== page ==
Sweeping ruling says state cannot be sued without its consent

The Georgia Supreme Court on Monday ruled that the state is immune from lawsuits that challenge the constitutionality of statutes passed by the General Assembly.

“Simply put, the constitutional doctrine of sovereign immunity forbids our courts to entertain a lawsuit against the State without its consent,” Justice Keith Blackwell wrote for a unanimous court.

The landmark ruling struck down a challenge brought by three OB-GYN doctors against a Georgia law that prohibits most abortions after 20 weeks of pregnancy. The justices upheld a ruling last year by a Fulton County judge who dismissed the suit.

In 1973, the U.S. Supreme Court upheld a woman’s right to abortion until the time a fetus is viable — now considered to be about 24 weeks after conception. But a 2012 state law says Georgia has an interest in protecting fetuses after 20 weeks because they are capable of feeling pain.

The law says doctors who perform abortions after the 20-week threshold can be charged with a felony and face up to 10 years in prison. It also gives district attorneys access to abortion patients’ medical records.

The doctors’ suit contended the “fetal pain” law violates the state’s constitutional right to privacy.

The state high court said the state is shielded from such lawsuits under the legal doctrine of sovereign immunity, which is rooted in the centuries-old English principle that “the king can do no wrong.”

Under Monday’s ruling, sovereign immunity bars claims against government officials acting in their official capacities. This includes requests for injunctions to halt the implementation of an unlawful statute and suits that ask state court judges to declare a law to be unconstitutional.

Wrote Blackwell: “We hold today that the doctrine of sovereign immunity extends generally to suits against the state, its departments and agencies, and its officers in their official capacities for injunctive and declaratory relief from official acts that are alleged to be unconstitutional.”

The opinion did, however, note there are some avenues “by which aggrieved citizens may obtain prospective relief from threatened enforcement of unconstitutional laws.” This would be lawsuits against government employees in their personal, not official, capacities.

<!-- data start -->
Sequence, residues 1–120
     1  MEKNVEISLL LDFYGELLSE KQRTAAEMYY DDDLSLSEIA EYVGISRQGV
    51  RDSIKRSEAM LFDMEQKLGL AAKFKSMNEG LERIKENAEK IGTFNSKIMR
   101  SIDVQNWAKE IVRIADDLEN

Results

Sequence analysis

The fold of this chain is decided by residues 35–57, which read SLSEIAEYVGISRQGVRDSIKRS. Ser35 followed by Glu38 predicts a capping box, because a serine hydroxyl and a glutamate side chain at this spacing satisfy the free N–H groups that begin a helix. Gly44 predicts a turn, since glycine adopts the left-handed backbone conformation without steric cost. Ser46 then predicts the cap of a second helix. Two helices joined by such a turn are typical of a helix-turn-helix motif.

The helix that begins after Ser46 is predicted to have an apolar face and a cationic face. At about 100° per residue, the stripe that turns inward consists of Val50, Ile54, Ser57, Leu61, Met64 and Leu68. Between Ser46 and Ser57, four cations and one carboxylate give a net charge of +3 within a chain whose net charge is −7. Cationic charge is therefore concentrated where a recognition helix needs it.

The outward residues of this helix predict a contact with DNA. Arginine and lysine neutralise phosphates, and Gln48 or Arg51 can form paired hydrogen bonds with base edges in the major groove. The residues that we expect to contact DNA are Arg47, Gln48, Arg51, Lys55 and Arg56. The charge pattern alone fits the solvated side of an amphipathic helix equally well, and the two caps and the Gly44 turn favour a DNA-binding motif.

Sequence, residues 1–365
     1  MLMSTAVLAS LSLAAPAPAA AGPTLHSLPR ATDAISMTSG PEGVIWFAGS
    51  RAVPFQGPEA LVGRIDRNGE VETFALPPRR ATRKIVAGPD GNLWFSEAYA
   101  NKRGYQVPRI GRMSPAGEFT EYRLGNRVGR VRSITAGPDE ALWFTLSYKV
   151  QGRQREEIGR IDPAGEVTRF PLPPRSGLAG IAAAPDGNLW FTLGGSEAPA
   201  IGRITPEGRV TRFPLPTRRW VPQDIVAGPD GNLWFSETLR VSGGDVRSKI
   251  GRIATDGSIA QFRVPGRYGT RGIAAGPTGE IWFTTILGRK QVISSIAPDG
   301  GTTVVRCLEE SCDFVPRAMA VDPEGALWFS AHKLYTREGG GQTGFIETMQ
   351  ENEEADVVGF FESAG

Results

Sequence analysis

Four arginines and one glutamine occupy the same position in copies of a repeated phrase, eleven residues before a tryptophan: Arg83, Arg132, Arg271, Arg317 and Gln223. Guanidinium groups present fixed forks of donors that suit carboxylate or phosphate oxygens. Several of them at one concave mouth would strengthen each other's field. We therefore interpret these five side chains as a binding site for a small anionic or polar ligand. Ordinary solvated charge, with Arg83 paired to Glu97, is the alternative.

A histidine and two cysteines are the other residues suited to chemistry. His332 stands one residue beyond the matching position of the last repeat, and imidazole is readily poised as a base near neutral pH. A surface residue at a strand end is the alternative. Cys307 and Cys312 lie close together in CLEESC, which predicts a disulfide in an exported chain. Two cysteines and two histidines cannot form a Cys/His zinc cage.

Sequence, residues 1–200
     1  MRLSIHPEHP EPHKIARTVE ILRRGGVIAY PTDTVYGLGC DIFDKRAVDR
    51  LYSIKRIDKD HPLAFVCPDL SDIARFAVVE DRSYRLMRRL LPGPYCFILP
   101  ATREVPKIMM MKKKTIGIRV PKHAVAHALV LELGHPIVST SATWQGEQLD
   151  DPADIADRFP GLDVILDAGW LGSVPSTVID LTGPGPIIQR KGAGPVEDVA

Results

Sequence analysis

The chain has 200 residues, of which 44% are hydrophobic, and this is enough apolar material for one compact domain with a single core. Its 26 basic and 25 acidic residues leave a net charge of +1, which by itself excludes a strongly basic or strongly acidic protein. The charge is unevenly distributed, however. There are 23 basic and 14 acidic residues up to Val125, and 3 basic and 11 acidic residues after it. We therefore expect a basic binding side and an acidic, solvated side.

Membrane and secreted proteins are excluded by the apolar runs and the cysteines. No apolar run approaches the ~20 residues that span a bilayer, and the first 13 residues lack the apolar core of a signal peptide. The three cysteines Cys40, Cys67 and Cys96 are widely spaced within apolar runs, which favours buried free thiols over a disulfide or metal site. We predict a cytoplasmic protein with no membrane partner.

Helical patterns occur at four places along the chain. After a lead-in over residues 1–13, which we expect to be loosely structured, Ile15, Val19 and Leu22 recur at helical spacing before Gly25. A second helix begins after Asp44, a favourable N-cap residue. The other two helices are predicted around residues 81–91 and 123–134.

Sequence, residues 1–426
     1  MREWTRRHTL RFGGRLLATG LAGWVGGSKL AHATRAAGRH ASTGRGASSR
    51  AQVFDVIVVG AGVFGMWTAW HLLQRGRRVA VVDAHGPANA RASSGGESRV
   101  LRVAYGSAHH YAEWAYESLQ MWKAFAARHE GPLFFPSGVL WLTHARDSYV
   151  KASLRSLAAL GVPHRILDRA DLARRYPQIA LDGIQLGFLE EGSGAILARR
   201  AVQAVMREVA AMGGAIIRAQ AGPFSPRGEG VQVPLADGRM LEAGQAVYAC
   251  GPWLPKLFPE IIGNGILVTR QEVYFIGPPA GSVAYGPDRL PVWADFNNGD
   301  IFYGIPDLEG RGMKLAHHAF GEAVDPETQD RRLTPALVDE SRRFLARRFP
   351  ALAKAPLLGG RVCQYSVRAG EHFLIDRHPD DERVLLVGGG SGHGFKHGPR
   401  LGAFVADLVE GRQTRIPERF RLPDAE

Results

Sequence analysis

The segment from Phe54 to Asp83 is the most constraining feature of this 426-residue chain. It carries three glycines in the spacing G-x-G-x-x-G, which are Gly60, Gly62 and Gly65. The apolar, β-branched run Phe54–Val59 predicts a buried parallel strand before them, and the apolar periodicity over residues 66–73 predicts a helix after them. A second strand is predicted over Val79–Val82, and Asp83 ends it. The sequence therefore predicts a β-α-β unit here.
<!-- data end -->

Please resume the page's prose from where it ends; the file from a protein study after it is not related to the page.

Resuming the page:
Blackwell acknowledged arguments that lawsuits against state officials acting in their individual capacities are not as convenient as a suit against the state itself.

“That may be true, but if so, that is simply a cost of sovereign immunity, albeit one that the General Assembly could eliminate” by waiving sovereign immunity in lawsuits like the one challenging the “fetal pain” law, Blackwell said.

In past years, the Legislature enacted a number of limited waivers of sovereign immunity. It allowed for breach-of-contract lawsuits against government agencies as well as tort claims, such as suits seeking damages for injuries in a car crash caused by an official driving a state vehicle.

In the 2016 General Assembly, both the House and Senate overwhelmingly passed legislation to allow lawsuits that challenge the constitutionality of state laws or local ordinances. But Gov. Nathan Deal vetoed the bill.

Blackwell noted there are other ways around sovereign immunity.

“Aside from cases that run up against the bar of sovereign immunity, the courts may have occasion to address the constitutionality of statutes in cases between private parties, cases against the state in which sovereign immunity has been waived, cases brought by the state and cases against state officers in their individual capacities,” Blackwell wrote.

“Indeed, many constitutional guarantees specifically protect the rights of criminal defendants,” who may assert those rights when being prosecuted, the ruling said. “The doctrine of sovereign immunity leaves plenty of room for the exercise of judicial review.”

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